On his blog, Roger Olson addresses the misunderstanding of the label “liberal” and explains its proper meaning. The following is taken mostly from what he wrote in his blog and contains only a couple of my explanations.http://www.patheos.com/blogs/rogereolson/2010/10/liberal-theology/
What is Liberal Theology?
From what I understand, liberal theology has more to do with the method one uses to arrive at conclusions rather than the conclusions themselves. Two people could both hold to the same conclusions about theology, but arrive at those conclusions in very different ways.
While there is flexibility in the term itself, there does seem to be a definition or two we can work with. According to Claude Welch, a “well-known and highly regarded authority on nineteenth century theology, liberal theology is ‘maximal accommodation to the claims of modernity.’ Contemporary expert on liberal theology, Gary Dorrien (author of a three volume history of American liberal religion) defines it as refusal to recognize any authority outside the self.”
What is the Method used?
Schleiermacher (the “father of liberal theology”) introduced a method where it was necessary to adjust traditional Christianity to modernity. He was trying to save Christianity from being in conflict with “the ‘best’ of modern thought. He redefined Christianity as PRIMARILY about human experience.” He ended up separating the realm of religion from the realm of facts that was observable by science and philosophy. If the two were in separate realms, Christianity could not be threatened.
Delwin Brown asks an important question and includes an answer: “’When the consensus of the best contemporary minds differs markedly from the most precious teachings of the past, which do we follow? To which do we give primary allegiance, the past or the present?’
…Liberalism at its best is likely to say, ‘We certainly ought to honor the richness of the Christian past and appreciate the vast contribution it makes to our lives, but finally we must live by our best modern conclusions. The modern consensus should not be absolutized; it, too, is always subject to criticism and further revision. But our commitment, however tentative and self-critically maintained, must be to the careful judgments of the present age, even if they differ radically from the dictates of the past.” Olson comments, Scholarship determines the inadequacies of traditional doctrine and so “the only work is that of re-forming theological thought to the superior insights of the present time.”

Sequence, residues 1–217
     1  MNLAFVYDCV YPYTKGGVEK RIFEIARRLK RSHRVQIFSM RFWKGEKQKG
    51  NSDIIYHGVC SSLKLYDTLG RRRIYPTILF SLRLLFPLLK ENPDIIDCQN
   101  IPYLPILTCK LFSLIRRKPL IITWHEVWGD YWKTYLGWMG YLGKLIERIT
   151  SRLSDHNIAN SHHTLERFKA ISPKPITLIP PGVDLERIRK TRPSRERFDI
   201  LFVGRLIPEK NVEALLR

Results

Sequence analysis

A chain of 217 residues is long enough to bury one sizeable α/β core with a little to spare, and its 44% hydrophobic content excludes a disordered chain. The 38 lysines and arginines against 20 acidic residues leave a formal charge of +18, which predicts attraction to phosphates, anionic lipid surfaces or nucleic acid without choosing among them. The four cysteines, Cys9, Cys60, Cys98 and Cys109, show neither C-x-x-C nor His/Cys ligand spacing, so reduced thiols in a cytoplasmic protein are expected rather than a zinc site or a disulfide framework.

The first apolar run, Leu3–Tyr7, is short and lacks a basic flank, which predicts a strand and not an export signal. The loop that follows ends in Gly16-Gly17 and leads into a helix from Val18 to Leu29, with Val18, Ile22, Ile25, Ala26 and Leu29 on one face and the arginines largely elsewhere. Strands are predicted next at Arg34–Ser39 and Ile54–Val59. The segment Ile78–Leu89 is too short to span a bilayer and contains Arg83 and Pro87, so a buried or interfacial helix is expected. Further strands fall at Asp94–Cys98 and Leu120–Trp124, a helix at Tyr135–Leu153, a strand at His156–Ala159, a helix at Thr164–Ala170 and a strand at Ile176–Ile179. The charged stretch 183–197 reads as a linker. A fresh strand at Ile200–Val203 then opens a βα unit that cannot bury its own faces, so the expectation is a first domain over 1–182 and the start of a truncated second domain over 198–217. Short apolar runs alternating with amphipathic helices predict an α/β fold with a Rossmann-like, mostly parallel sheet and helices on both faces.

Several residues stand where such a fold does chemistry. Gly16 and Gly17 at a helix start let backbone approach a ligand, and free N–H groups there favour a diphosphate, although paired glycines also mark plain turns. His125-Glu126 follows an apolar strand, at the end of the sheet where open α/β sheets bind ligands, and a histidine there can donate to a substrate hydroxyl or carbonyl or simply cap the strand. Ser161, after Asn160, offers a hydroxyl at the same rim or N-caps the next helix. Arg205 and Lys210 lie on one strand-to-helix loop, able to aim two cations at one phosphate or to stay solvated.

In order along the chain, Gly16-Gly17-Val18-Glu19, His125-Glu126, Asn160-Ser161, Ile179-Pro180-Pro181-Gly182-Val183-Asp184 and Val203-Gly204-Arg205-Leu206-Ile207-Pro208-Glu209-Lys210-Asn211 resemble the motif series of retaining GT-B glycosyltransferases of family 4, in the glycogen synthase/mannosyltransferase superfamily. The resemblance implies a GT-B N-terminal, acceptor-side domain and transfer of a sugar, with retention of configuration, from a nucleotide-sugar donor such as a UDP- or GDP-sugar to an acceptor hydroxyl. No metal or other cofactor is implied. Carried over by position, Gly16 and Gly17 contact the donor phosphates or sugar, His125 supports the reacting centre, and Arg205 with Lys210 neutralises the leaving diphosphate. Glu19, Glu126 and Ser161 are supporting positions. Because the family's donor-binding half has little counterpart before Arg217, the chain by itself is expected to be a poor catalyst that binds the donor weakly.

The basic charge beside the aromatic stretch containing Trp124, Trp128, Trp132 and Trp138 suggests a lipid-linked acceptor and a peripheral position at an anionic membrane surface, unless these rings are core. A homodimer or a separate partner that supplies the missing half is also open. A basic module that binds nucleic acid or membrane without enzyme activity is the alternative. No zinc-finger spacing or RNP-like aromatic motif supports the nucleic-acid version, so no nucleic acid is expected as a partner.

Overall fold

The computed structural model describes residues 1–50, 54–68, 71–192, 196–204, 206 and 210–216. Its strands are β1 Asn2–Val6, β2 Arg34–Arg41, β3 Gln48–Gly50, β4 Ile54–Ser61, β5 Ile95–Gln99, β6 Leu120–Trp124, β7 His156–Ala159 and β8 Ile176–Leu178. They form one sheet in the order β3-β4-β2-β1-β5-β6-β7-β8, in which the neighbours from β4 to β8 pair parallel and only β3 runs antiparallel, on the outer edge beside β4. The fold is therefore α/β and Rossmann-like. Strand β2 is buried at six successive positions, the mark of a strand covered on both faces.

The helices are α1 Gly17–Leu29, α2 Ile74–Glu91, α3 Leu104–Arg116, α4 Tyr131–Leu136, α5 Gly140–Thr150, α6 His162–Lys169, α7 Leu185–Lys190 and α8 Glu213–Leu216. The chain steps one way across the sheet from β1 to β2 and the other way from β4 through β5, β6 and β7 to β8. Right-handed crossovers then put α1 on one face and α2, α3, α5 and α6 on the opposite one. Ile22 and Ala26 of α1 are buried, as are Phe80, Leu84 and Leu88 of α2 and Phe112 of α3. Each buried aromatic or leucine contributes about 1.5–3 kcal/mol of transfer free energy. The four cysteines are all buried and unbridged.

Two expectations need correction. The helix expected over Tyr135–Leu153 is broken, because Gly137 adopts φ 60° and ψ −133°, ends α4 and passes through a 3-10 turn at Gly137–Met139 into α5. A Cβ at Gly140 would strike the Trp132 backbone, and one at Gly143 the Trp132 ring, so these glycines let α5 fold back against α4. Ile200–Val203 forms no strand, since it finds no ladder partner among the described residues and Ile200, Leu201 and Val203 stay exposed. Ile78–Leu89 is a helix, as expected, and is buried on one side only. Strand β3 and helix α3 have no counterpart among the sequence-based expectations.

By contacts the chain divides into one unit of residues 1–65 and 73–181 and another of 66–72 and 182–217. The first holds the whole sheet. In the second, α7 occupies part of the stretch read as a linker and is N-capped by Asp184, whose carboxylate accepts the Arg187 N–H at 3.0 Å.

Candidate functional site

Pinnock makes the critique that the liberal allows the Bible “a functional but not a cognitive authority; that is, you will not bow to the content of Scripture but accept it only as a power that authors your life in some (to me) vague way… Lacking guidance from the Scriptures… you are forced to resolve the issue rationally and then cannot do so. “
*Friedrich Schleiermacher (early 19th century) is considered by most to be the
“father of liberal theology” and yet the “ethos” of liberalism started before him and compared to others who came after him, he might be considered more conservative. What Olson called “’classical Protestant liberalism’ appeared first with German Lutheran theologian Albrecht Ritschl and his followers in the later 19th century.”
*“Classical Protestant liberal theology is tied to the METHOD of the Rischlians (not necessarily to all of their conclusions). The leading Ritschlians were Harnack and Willhelm Herrmann. There were, of course, many others. They disagreed among themselves about many things, but they agreed on theology’s basic method which followed that of Schleiermacher but in a somewhat altered way.”
*After WWI Classical liberalism went through some changes with the previous optimism being abandoned. The mid-20th century airs to the movement are often called “neo-liberals”. “The main difference was the recognition of a tragic dimension to human existence and history that was lacking in the pre-WW1 liberals.”
1) Alan P. F. Sell, Theology in Turmoil
2) William R. Hutchison, The Modernist Impulse in American Protestantism
3) Kenneth Cauthen, The Impact of American Religious Liberalism
4) Gary Dorrien, The Making of American Liberal Theology (3 volumes)
5) Peter Hodgson, Liberal Theology: A Radical Vision
6) John Cobb, Progressive Christians Speak
7) Donald E. Miller, The Case for Liberal Christianity
The following are Olson’s posts on the subject. The first two deal more with how the term “liberal” has been misused and the last post will give you the most information on liberal theology and what it is.
For her original post, click HERE.